Chrome OS is a lightweight, web-based operating system so you would think Samsung would know the deal: simple dual core processor (Atom N570 1.66Ghz – tick), usable amount of RAM (2GB – tick), minimal fast storage (as mentioned, 16GB SSD – tick), integrated 3G to make the Chrome usable on the move and decent graphics for all that Adobe Flash and HD streaming video you’ll be watching. Yes, we’re missing ticks.
Strangely for a Cloud only device Samsung has made 3G an optional extra (a £50 one at that) and opted for Intel’s weedy integrated graphics. We’ll get onto price later, but the latter is doubly damaging because it struggles with 720p video and turns 1080p into a picture slide show, (hence no HDMI). It also lacks the power to take weight off the CPU’s processing duties exposing the limitations of the Atom N570 more than it should.
A final query is weight. At 295 x 218 x 20mm the Chromebook is perfectly portable. At 1.48Kg it won’t tear a hole in your bag either, but with such minimal innards it is hard to see why it isn’t lighter still. So in sum Samsung has made an excellent laptop, but its performance is limited. Moving onto Chrome, the same allegations are true.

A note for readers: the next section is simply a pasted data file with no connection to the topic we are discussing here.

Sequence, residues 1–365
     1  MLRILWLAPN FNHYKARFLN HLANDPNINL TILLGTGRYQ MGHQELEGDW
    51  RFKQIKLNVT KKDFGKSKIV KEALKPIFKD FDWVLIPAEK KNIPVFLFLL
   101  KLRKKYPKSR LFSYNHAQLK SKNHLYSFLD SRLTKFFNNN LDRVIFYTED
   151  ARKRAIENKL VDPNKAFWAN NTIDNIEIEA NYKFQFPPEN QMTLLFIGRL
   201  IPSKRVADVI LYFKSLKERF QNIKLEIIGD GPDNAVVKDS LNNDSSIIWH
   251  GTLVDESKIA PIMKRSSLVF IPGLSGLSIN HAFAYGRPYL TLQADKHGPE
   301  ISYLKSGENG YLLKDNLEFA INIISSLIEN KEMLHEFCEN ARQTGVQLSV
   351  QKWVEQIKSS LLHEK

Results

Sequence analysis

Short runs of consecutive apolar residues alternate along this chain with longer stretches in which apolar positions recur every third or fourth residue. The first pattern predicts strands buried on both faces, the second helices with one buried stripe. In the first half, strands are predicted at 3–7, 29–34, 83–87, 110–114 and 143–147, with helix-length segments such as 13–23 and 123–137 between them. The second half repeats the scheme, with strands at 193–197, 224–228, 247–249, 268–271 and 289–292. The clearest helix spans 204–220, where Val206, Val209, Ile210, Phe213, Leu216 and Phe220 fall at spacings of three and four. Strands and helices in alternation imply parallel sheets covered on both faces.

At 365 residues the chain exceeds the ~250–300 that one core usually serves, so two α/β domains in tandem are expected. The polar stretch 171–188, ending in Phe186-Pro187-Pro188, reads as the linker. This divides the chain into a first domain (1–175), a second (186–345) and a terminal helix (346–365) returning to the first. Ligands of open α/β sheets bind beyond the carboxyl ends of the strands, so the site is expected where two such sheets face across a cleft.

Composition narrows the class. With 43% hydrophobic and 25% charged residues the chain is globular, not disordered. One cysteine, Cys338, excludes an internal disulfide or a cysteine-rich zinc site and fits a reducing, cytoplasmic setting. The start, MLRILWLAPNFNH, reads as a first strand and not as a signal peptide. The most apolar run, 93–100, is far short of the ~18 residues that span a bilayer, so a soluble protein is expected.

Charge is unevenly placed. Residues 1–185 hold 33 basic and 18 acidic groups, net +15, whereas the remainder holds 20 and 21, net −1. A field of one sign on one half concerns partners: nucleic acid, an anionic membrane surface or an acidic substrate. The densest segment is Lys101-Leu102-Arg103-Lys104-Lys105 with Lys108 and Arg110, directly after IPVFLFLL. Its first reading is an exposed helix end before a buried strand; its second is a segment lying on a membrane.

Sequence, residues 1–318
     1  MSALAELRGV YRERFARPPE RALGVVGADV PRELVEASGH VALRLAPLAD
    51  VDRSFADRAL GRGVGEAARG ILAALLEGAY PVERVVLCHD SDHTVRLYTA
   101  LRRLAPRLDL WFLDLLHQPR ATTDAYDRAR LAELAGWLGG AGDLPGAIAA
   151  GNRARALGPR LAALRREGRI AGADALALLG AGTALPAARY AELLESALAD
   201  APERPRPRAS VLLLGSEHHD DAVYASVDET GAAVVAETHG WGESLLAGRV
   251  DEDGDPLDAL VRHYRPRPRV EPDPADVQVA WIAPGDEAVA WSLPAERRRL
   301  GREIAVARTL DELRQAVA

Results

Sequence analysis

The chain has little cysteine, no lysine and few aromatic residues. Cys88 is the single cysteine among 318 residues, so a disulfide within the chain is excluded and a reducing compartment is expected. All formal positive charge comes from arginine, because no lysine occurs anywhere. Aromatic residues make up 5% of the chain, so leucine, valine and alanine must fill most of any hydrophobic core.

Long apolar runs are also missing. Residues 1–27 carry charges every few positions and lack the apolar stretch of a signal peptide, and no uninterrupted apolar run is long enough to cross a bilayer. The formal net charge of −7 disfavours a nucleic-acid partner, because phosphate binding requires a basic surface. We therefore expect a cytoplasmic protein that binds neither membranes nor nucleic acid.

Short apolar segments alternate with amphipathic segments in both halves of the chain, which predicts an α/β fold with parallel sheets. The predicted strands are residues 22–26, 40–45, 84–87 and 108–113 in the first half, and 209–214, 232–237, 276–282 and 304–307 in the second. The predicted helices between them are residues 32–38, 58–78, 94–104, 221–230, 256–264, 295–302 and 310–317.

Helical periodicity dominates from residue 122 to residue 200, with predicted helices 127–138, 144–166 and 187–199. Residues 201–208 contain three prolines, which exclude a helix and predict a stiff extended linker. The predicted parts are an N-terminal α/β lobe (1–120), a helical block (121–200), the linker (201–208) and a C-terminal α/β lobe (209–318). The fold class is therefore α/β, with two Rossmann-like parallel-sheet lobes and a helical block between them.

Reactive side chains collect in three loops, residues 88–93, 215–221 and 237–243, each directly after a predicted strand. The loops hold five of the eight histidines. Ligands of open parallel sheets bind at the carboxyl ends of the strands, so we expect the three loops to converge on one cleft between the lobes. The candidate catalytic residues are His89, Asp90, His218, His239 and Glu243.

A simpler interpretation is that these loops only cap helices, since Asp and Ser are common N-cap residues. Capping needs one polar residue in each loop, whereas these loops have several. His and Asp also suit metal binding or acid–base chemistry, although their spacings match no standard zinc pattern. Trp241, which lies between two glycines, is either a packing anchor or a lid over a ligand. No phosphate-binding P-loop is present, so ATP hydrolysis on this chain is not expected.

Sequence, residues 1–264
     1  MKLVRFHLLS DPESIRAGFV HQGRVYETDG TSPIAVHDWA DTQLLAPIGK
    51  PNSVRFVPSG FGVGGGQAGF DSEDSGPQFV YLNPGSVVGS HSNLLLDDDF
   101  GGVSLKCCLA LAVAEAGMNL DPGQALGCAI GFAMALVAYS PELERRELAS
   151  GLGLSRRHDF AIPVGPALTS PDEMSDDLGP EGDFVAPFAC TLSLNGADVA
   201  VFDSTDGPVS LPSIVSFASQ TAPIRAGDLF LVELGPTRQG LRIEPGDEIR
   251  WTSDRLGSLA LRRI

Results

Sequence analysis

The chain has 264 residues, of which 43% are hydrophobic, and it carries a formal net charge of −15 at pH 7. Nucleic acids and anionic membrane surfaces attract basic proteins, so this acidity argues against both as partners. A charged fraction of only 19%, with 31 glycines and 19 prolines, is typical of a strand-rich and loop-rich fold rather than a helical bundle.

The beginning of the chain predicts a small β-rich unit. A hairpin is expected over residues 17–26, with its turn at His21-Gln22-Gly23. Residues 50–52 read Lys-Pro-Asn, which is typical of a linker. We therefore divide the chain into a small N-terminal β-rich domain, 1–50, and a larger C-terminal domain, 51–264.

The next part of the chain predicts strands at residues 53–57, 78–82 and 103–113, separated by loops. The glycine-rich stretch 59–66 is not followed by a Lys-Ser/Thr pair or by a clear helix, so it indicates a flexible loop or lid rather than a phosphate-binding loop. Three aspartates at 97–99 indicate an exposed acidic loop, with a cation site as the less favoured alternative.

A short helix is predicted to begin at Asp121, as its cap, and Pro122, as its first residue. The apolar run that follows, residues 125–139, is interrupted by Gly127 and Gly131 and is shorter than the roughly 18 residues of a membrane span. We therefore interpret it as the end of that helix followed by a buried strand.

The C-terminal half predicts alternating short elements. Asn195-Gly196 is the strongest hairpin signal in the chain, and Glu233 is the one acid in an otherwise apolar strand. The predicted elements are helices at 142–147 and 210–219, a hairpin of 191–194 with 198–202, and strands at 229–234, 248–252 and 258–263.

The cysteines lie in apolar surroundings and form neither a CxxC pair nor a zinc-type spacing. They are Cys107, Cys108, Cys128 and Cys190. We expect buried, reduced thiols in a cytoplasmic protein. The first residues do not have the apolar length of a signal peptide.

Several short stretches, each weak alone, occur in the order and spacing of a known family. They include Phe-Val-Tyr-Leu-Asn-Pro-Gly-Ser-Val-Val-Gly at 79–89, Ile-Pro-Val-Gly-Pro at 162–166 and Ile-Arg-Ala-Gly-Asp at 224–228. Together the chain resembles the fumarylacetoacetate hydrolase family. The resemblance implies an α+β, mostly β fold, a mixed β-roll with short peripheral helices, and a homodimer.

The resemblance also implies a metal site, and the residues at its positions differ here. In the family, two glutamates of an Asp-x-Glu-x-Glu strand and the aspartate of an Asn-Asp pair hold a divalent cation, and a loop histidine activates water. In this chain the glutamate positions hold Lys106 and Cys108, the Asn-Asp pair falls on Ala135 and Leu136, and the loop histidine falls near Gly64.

We’ll begin with the positives. Booting up is almost a thing of the past. From cold you can be using Chrome OS in five to eight seconds. Meanwhile resumption from standby is faster than you can open the lid and get your hands into a typing position. Google has long said Chrome isn’t a replacement for Android or a competitor to the iPad’s iOS, but it certainly gets you up and running.
For the technophobic setup is also a breeze. Simply choose your WiFi or (if purchased) 3G network, login with your Google account details (or create an account) and you are ready to go. Provided you already use Chrome and have setup its sync functionality, all your bookmarks, settings, passwords and extensions will be arranged exactly as you left them on your laptop. Any changes you make in Chrome OS will be automatically synced to your other PCs running the Chrome browser and vice versa.
This ease of use and cross device functionality provides a glimpse of the future and since no data is actually stored on the Chromebook it is also protected should anything go wrong with the laptop itself (see Google’s video above). Furthermore say goodbye to viruses.
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